Harare

Zimbabwe

Lily Kundai Kabade

Welcome to my city Harare!!

I have lived in Harare Zimbabwe my whole life until a year ago in August when l moved to the Netherlands to join the United World College family. l would like to believe that my journey to this Youth Mayors Group started way before its existence. From the constant frustrating nights of analysing the problems that were ever-growing in my country to looking at ways of how l could be of more use to my country. Youth Mayors is a platform that allows me to tackle various issues in not only my city but a worldwide perspective by teaching me the skills to go about it and giving me the opportunity to learn from other cities.

My City

Harare (Salisbury until 1982 ) is the capital of Zimbabwe. The city had around 1.4 million inhabitants in the 2002 census and an estimated 2.8 million people live in the conurbation. Harare is the largest city in the country and also the political and economic centre. The city is a trade centre for tobacco, corn, cotton and citrus fruits. Furthermore, textile, steel and chemicals are manufactured and there is a gold mine nearby. Harare is located at an altitude of 1,483 meters and has a temperate climate.

Harare is home to the University of Zimbabwe, the largest university in the country.

more attractive than most other Southern African capitals, Harare gets a bad rap and unjustly so. While it's certainly not without its problems, overall it's a safe and laid-back city where wide avenues are lined with dusty red earth, and indigenous plants and blooming jacarandas give it a lovely African summertime feel. While it's tempting to rush off to your safari, it's worth hanging around in Harare to sample its fine dining, museums, craft markets and varied bars.

Snapshot

1. The first people of the country were the Bantu-speaking Iron Age farmers that settled in the region around AD 300.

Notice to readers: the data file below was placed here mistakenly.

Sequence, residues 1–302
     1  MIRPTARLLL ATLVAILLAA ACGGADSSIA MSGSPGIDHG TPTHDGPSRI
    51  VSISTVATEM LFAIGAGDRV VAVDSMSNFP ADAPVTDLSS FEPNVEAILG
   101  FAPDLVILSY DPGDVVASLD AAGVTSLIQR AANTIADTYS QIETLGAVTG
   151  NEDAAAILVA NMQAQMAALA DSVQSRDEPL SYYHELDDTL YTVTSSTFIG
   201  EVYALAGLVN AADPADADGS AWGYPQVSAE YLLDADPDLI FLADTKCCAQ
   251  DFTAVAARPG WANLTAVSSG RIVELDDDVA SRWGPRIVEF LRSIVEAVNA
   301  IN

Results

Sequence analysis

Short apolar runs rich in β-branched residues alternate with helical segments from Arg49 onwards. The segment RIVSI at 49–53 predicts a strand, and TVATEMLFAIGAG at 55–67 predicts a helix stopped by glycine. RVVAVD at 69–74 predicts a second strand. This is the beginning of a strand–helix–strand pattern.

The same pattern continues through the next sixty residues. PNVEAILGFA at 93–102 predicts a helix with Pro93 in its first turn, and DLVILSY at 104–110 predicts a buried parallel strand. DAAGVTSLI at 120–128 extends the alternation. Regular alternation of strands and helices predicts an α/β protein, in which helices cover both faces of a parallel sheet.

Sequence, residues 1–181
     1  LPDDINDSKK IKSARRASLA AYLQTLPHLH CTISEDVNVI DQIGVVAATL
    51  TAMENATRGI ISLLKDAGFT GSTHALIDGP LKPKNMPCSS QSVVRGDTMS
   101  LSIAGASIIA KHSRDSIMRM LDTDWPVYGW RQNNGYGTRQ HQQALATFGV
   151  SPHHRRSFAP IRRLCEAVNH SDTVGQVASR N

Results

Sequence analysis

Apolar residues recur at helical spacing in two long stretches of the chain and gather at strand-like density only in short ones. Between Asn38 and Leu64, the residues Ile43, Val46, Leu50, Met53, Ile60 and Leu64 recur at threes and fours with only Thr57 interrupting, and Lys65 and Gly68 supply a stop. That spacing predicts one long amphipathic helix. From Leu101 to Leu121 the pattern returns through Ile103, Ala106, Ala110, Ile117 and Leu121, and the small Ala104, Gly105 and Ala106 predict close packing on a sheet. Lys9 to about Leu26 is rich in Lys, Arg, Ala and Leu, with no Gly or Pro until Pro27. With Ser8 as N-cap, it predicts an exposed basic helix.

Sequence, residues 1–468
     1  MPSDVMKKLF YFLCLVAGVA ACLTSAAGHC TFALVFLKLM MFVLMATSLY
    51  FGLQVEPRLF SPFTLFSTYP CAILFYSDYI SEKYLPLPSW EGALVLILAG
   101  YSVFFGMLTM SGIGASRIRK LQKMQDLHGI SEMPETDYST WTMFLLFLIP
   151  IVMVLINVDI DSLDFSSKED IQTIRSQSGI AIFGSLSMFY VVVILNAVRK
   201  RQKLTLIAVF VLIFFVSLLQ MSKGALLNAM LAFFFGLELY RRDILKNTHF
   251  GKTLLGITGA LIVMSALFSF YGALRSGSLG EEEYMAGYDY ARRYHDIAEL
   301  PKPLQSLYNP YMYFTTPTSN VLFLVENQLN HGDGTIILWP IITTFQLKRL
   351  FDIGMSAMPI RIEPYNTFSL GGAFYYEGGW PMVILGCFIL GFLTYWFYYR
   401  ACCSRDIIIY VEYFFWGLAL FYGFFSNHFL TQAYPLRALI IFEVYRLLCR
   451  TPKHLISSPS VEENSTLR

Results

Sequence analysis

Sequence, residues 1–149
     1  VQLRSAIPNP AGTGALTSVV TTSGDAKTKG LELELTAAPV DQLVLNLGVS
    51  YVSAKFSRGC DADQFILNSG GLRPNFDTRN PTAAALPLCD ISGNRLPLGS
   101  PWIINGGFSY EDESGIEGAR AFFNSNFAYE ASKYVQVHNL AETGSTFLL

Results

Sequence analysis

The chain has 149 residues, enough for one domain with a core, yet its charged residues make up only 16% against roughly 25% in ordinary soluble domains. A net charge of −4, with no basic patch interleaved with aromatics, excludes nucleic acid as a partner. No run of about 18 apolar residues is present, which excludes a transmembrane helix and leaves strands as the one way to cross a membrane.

2. Zimbabwe’s former president – Robert Gabriel Mugabe – is one of the oldest and also the longest-serving leaders of a non-royal country in the world. He has served as the leader of Zimbabwe for the past 36 years. He served as the Prime Minister of Zimbabwe from 1980 to 1987, and then assumed office as the President of Zimbabwe on 22 December 1987 and resigned from the office on 21st November 2017. He was born on 21 February 1924. Robert Gabriel Mugabe is succeeded by Emmerson Mnangagwa (born 15 September 1942) who assumed office on 24 November 2017.

3. Zimbabwe abandoned its currency and is currently using others’. This happened after the massive inflation that hit the country in 2008. The country abandoned its currency and has been using the U.S. Dollar, the South African Rand, and the Botswana Pula since April 12, 2009.

 

4. It is illegal in Zimbabwe for the police to impound your vehicle on the road. The only occasion when they can do so is when they ask you to produce your driver’s license.

5. Zimbabwe has won a total of eight medals at the Olympic Games in two sports – hockey (1) and swimming (7).  At the 2004 Summer Olympics, in Athens, Greece, Coventry won three Olympic medals: a gold, a silver, and a bronze, while in the 2008 Summer Olympics in Beijing she won four medals: a gold and three silver. A gold medal was won by the women’s national field hockey team in 1980.

6. Zimbabwe is a landlocked plateau country.

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